813If you hit \s-2INTERRUPT\s0 again, the shell will just
814repeat its prompt since it handles \s-2INTERRUPT\s0 signals
815and chooses to continue to execute commands rather than terminating
816like
817.I cat
818did, which would have the effect of logging you out.
819.PP
820Another way in which many programs terminate is when they get an end-of-file
821from their standard input.
822Thus the
823.I mail
824program in the first example above was terminated when we typed a ^D
825which generates an end-of-file from the standard input.
826The shell also terminates when it gets an end-of-file printing `logout';
827\s-2UNIX\s0 then logs you off the system.
828Since this means that typing too many ^D's can accidentally log us off,
829the shell has a mechanism for preventing this.
830This
831.I ignoreeof
832option will be discussed in section 2.2.
833.PP
834If a command has its standard input redirected from a file, then it will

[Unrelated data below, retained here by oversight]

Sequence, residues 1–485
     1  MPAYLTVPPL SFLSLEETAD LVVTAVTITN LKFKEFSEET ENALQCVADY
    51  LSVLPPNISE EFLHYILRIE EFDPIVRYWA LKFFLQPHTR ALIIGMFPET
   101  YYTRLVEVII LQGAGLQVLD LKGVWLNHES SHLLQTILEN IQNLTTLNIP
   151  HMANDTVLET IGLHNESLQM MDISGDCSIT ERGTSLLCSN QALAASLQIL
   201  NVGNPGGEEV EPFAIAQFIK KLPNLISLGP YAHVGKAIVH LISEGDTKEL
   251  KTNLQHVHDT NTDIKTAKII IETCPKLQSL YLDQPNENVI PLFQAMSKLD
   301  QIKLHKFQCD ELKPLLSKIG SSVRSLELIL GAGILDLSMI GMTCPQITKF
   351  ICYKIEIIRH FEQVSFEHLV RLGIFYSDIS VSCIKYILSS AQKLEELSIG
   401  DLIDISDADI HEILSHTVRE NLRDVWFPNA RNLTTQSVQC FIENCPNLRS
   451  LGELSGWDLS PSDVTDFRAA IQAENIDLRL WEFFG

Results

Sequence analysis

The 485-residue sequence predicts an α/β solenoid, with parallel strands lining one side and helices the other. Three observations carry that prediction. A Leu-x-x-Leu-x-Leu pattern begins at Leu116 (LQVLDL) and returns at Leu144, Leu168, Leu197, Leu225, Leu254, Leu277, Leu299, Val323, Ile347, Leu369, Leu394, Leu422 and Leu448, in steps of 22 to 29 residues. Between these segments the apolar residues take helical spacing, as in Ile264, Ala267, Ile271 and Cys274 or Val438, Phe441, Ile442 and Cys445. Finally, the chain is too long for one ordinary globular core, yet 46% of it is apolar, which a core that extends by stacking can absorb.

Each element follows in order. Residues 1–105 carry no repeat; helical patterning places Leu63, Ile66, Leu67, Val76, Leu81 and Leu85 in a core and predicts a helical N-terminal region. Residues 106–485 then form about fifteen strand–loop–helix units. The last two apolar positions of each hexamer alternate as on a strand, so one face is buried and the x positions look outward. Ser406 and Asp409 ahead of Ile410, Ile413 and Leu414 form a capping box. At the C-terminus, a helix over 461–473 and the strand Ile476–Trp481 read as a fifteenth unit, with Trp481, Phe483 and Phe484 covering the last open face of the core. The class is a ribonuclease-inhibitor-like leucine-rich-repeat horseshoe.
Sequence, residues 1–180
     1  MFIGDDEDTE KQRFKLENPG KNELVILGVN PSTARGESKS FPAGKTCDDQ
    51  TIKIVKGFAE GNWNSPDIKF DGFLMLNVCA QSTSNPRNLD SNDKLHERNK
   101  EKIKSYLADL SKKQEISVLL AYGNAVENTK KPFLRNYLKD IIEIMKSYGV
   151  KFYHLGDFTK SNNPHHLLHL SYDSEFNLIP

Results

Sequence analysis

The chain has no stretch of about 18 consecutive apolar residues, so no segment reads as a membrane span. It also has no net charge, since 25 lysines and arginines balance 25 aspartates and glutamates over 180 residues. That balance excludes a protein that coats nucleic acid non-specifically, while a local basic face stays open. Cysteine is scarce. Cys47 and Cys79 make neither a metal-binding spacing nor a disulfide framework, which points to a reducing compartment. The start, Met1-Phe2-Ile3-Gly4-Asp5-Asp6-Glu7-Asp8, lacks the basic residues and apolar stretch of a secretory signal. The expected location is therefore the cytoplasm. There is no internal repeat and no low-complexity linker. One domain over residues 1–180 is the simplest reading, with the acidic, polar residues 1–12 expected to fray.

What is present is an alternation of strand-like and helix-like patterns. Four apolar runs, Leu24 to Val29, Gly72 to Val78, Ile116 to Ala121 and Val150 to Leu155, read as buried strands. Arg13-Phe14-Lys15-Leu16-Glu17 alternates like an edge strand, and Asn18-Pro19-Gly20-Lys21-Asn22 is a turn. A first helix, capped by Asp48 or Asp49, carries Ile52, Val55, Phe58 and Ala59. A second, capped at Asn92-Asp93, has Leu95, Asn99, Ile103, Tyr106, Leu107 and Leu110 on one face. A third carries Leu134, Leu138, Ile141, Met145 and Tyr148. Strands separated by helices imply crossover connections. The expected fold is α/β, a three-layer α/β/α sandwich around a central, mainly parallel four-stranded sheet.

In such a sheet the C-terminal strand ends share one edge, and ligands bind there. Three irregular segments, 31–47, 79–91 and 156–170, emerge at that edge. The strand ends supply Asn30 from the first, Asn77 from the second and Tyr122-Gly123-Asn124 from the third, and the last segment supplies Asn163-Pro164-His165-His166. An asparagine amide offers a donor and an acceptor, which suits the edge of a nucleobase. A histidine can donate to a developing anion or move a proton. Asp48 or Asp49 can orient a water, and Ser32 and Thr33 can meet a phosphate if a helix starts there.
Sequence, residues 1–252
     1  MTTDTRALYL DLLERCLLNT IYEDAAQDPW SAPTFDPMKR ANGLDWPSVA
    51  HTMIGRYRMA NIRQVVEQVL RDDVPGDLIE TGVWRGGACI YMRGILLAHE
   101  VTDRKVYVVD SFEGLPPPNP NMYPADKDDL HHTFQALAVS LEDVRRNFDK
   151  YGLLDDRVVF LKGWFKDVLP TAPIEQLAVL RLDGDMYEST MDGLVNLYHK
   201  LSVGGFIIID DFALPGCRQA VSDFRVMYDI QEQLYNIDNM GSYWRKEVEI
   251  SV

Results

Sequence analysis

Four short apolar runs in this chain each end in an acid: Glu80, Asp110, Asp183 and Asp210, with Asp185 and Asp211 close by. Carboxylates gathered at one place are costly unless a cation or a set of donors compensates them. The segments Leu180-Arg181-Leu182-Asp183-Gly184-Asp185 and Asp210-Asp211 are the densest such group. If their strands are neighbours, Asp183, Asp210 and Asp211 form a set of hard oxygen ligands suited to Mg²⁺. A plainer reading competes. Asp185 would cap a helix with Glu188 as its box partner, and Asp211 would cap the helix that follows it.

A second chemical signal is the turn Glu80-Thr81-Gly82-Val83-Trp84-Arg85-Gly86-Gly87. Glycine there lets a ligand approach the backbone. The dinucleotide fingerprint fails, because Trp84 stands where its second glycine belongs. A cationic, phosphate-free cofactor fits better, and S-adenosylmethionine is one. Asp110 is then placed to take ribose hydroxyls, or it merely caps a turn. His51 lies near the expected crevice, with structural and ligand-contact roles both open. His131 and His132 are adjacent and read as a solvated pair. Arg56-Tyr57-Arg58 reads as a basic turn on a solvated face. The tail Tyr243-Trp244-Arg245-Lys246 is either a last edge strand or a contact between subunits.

835normally terminate when it reaches the end of this file.
836Thus if we execute
837.DS
838mail bill < prepared.text
839.DE
840the mail command will terminate without our typing a ^D.
841This is because it read to the end-of-file of our file
842`prepared.text' in which we placed a message for `bill' with an editor program.
843We could also have done
844.DS
845cat prepared.text \||\| mail bill
846.DE
847since the
848.I cat
849command would then have written the text through the pipe to the
850standard input of the mail command.
851When the
852.I cat
853command completed it would have terminated,
854closing down the pipeline
855and the
856.I mail